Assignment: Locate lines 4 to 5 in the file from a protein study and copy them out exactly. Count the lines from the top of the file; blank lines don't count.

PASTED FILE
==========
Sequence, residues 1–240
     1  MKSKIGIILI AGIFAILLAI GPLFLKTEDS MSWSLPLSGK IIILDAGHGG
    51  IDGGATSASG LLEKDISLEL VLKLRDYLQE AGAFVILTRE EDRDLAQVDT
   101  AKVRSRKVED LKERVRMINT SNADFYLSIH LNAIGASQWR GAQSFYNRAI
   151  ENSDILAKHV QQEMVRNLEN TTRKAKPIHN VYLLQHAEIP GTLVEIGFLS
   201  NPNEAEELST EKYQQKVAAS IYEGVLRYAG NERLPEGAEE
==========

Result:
   101  AKVRSRKVED LKERVRMINT SNADFYLSIH LNAIGASQWR GAQSFYNRAI
   151  ENSDILAKHV QQEMVRNLEN TTRKAKPIHN VYLLQHAEIP GTLVEIGFLS